Noise-canceling headphones are doubly useful. They’ll block out sounds you don’t want. And you can listen to sounds that enhance your sleep. Relaxation music, nature sounds and white noise will encourage drowsiness. Some fliers even insert earplugs and cover them with headphones for two layers of defense.

A blanket will keep you warm when temperatures drop on board. Buckle your seat belt over your blanket. If there’s turbulence, the flight attendant won’t need to wake you up to check that you’re secured.

Another prop to consider: a familiar item that relaxes you. It might be a soft wrap or cherished sweater. You want to make yourself at home. Well, as much as possible.

Dress for comfort

Best for sleeping: Loose-fitting garments that have some stretch to them. You may want to bring cozy sleep garb on the plane with you and change just before bedtime. Some people don their softest sweatpants or even a favorite pair of pajamas.

You’ll want to bring layers on board, as the temperature in flight can shift rapidly from too hot to too cold. Either extreme will hamper your sleep.

Don’t forget your feet. Consider wearing loose-fitting shoes, as feet swell in flight. Or opt for slip-on shoes, so you can change into something more comfortable. Warm socks or slippers are good choices.

Consider aids

Lavender is a natural slumber aid. Before bedtime, put a few drops of lavender aromatherapy oil on your sleep mask, pillow, temples and wrists. A study found breathing it in before and during sleep decreases blood pressure and encourages deeper slumber.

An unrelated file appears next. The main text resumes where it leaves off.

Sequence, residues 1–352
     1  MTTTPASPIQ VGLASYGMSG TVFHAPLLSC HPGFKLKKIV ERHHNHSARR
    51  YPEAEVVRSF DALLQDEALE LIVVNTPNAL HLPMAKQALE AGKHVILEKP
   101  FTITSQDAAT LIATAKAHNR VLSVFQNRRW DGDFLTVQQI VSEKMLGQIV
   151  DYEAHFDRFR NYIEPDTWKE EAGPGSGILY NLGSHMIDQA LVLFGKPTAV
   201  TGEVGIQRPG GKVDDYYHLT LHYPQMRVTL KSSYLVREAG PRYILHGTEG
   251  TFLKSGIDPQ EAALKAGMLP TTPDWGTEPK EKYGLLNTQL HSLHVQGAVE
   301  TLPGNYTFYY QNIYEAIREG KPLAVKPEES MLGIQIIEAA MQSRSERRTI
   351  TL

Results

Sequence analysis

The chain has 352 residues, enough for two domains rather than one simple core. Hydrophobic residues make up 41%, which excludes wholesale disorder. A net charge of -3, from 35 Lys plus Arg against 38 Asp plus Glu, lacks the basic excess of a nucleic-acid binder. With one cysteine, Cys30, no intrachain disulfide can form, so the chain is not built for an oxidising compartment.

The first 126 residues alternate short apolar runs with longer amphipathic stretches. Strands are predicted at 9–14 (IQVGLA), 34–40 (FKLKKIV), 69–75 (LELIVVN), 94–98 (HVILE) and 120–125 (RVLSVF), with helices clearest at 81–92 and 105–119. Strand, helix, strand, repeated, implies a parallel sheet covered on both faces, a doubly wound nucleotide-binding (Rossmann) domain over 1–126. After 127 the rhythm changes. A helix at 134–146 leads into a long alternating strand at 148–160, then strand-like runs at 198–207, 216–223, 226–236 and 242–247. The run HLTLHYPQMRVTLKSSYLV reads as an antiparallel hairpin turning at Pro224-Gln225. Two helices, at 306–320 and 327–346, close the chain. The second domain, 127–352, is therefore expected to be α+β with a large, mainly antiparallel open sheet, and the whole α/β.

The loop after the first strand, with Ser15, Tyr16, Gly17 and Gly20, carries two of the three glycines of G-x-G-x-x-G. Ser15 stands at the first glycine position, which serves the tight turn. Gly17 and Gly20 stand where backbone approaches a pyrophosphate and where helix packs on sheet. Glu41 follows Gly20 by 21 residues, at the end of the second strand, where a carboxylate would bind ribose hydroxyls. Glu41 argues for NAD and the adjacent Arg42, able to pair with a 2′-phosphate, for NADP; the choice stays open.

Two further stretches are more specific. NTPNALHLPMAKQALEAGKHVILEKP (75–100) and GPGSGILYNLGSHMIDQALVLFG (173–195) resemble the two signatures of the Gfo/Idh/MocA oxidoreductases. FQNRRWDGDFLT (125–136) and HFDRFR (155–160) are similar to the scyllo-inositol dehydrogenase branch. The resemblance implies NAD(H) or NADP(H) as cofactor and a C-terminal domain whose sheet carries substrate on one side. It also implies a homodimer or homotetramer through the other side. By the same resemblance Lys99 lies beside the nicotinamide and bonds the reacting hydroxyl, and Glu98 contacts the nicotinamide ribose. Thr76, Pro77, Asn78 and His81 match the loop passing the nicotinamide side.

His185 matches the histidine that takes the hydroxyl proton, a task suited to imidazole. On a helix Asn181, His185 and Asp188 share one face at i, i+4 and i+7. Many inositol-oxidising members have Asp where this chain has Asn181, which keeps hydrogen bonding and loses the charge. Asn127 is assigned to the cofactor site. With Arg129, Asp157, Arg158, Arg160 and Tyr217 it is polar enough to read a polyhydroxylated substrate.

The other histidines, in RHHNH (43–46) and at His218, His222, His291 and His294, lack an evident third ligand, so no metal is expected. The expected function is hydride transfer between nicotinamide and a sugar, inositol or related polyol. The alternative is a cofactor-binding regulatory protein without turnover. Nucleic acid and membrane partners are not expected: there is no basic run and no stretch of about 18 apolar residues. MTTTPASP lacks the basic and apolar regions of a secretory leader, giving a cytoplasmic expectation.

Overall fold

Many seasoned travelers swear by melatonin. It’s a natural hormone that regulates our sleep cycles. Take it after dark the day you travel, and for a few days after arrival.

If you want a more conventional sleep aid, think about over-the-counter or prescription medications. Two cautions, though: Don’t try a new medication for the first time in flight, as you want to know how it will affect you. And talk to your doctor about what medication is best to use for sleeping on a plane.

Hydrate

Drink water – but not so much that you’ll wake up to visit the toilet. Avoid alcohol, as it dehydrates you. It might help you fall asleep at first, but you’ll likely wake up a few hours later. Getting back to sleep will be more difficult.

Of course, you’ll want to avoid caffeine as well. In lieu of that, bring a bag of your favorite herbal tea. Anything with chamomile will encourage sleep.

Don’t eat too much

It’s best not to eat within two hours of the time you want to fall asleep. When you dine, avoid large meals, or ones with fatty or spicy foods. Aim for a light meal of foods that are easy to digest. Think fruits, vegetables, yogurt and nuts.

Shift your thinking

You’ve probably experienced this many a time. If you obsess over falling asleep, you won’t be able to. The added pressure will wind up keeping you awake. Tell yourself you’re just relaxing, and sleep will come easier than if you try to force it.

Seek expert advice for sleeping on a plane

Travel advisors can offer you a wealth of tips drawn from their personal experiences. Ask about their tricks for sleeping on a plane – then follow their advice